The Last Boy and Girl in the World by Siobhan Vivian

The Last Boy and Girl in the World by Siobhan Vivian is a teen romance with a twist. Their school is being dismantled during the last months before summer vacation and the entire town is steadily evacuating in anticipation of the purposeful flooding and destruction of Aberdeen to make way for new construction (all for the “good” of the folk).

Keelie has her best friend, Morgan, and her best friend’s other best friend, Elise, and then, at the Spring Formal, she actually attracts the attention of childhood crush Jesse. Keelie uses humor to deflect her true feelings, making others laugh at her often inappropriate actions to boost her own ego. Jesse, the cute boy who everyone adores, also has a warped sense of the bizarre, so they are able to feed off one another and develop some sort of relationship with a few kisses here and there and a lot of pranks. Of course, their entire life is basically ending, in essence the cessation of their known universe, so abnormality seems to rule the day. If your parent(s) were packing and your home was about to expire – dancing in formal attire outdoors in a downpour, belly flopping down a slip and slide, wearing a snorkel and flippers to graduation, or attending secret prom – all seem like perfectly normal ways to pass the time.

Of course, not everything is fun and games. Keelie’s dad accuses the Governor of taking advantage of the excessive rainfall and resulting flooding conditions to annihilate the whole town for his own personal economic plans. Many others side with him, refusing to sign the buyout deals. Everything gets complicated for adults and children as their world is turned upside down.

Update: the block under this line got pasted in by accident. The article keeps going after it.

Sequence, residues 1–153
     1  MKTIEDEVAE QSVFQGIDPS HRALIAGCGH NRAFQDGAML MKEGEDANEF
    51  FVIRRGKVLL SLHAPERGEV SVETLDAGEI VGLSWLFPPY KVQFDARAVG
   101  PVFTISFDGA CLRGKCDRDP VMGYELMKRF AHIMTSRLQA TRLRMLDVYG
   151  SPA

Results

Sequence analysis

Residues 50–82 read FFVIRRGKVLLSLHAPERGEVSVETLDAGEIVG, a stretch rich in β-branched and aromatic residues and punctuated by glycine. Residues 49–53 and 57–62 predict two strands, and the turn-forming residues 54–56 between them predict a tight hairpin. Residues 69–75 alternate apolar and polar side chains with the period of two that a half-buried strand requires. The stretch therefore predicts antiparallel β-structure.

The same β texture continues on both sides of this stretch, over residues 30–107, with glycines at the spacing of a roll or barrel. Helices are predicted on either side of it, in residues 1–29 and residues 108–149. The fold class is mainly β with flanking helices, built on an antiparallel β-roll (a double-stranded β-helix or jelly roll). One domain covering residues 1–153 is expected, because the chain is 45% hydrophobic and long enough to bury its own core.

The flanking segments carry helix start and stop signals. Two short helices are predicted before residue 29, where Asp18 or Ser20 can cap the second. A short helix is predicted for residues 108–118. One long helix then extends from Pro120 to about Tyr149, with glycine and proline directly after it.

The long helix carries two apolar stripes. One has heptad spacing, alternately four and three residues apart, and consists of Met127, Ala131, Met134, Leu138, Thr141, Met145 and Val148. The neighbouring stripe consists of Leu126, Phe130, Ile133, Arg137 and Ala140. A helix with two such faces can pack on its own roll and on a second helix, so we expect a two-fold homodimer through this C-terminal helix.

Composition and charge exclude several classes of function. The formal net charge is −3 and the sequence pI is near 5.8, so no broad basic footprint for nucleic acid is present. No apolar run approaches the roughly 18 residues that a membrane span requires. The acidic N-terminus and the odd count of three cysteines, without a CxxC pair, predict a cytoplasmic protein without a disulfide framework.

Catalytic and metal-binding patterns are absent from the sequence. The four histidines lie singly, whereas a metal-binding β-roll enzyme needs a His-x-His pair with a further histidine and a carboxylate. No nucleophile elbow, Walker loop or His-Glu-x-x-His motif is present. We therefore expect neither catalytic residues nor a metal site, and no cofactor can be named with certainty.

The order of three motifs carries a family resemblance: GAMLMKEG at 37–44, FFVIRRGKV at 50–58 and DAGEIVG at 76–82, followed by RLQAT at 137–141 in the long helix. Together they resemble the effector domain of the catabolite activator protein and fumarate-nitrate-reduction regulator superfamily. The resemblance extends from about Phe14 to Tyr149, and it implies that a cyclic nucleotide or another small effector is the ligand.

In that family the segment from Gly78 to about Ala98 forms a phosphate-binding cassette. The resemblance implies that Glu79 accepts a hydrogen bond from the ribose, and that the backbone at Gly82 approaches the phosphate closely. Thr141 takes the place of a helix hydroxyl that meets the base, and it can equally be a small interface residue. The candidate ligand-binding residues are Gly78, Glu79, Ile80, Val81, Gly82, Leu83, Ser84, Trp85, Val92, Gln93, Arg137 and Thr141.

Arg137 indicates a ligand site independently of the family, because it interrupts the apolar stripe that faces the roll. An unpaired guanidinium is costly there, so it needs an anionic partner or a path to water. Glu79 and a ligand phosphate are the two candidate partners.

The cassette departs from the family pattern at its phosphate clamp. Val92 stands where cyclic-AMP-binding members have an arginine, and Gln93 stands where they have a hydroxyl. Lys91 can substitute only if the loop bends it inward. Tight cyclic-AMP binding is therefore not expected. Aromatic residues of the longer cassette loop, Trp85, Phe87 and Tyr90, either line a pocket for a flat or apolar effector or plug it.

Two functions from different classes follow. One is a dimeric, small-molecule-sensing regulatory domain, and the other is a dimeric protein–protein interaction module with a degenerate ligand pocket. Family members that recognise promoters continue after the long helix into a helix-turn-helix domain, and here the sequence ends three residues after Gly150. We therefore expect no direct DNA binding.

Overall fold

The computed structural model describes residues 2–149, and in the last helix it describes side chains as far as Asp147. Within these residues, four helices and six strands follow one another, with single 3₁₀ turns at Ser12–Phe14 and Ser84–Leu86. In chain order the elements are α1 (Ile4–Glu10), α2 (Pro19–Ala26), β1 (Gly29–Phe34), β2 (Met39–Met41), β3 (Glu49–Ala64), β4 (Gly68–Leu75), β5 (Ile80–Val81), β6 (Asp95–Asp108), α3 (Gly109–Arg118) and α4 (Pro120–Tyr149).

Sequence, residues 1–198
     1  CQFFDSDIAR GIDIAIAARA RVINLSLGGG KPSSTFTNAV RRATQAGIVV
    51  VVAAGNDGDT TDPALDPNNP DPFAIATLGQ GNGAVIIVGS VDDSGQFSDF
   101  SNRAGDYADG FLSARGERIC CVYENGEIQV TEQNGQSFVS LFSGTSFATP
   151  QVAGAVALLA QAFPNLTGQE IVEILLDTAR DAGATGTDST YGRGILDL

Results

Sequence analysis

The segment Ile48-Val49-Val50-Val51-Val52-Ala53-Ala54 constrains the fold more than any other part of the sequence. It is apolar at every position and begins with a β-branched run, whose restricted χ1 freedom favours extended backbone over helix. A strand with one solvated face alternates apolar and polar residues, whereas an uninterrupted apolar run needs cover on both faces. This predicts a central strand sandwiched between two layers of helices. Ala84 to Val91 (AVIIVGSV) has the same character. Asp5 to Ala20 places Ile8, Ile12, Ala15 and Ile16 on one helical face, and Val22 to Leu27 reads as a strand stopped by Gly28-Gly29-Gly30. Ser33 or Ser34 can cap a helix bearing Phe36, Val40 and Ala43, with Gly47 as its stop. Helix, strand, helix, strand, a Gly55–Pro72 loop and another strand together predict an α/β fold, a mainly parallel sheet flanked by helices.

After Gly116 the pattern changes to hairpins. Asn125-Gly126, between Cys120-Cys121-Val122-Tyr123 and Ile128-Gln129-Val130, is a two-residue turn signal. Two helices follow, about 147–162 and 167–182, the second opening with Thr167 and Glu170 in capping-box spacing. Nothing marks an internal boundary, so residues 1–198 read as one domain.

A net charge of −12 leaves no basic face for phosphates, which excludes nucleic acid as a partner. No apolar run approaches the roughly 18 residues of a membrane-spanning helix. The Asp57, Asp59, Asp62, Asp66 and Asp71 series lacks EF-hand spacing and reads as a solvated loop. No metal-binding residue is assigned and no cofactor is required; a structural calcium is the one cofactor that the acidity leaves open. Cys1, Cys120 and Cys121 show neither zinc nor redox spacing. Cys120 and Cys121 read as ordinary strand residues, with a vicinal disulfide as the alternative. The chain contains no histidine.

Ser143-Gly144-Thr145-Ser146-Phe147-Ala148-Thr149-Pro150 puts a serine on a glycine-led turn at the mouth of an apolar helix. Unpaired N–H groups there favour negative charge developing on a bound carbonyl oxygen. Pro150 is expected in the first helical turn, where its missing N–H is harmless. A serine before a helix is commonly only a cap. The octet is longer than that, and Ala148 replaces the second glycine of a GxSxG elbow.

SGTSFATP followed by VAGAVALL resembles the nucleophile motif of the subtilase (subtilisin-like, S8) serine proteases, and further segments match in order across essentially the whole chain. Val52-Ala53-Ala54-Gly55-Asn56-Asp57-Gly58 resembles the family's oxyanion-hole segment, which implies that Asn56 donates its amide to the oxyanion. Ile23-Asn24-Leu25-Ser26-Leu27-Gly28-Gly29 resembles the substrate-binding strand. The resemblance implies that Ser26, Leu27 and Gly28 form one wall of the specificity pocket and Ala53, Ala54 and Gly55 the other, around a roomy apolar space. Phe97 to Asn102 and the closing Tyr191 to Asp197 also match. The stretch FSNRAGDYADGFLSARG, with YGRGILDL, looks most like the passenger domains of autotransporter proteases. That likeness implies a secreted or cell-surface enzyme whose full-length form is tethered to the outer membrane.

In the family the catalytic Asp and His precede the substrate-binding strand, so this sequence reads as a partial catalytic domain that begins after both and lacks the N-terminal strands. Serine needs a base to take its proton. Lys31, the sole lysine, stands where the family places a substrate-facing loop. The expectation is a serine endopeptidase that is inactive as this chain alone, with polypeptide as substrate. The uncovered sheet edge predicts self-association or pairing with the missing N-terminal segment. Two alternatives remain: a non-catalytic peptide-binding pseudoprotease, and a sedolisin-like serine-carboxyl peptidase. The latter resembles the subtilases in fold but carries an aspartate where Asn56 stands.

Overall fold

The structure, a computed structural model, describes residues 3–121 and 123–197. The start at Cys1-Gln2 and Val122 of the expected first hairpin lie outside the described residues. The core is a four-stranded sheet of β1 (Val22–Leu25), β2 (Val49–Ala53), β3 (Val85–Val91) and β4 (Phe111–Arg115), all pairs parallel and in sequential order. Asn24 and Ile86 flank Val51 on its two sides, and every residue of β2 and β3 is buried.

Even Keelie’s relationships are affected by all the goings on, and she discovers herself alone, trying to deal with an uncertain future. While on the surface, Keelie gets what she deserves, the girl is not all bad, she just doesn’t always make the right choices and overcompensates to cover her insecurities. In the end she learns her lessons, hopefully not too late to mend all the broken fences.

An interesting concept (even though I just finished Miller’s Valley by Anna Quindlen which also deals with a small town being flooded against the will of the residents). I enjoyed the emotional rush of young love although I thought the entire plot started to drag about two thirds through the book. I liked both the beginning and the ending and didn’t mind the dysfunctional main characters. Teens are often unpredictable, acting out to gain attention, unintentionally hurting themselves socially and thus emotionally. Adults can behave in ways contrary to their own well being, as well. Yet once the reader gets the point it is time to begin wrapping things up.

Still, well worth reading. Three and a half stars.

A thank you to Netgalley and Simon & Schuster for providing this ARC in exchange for an honest review. This review also appears on Goodreads.


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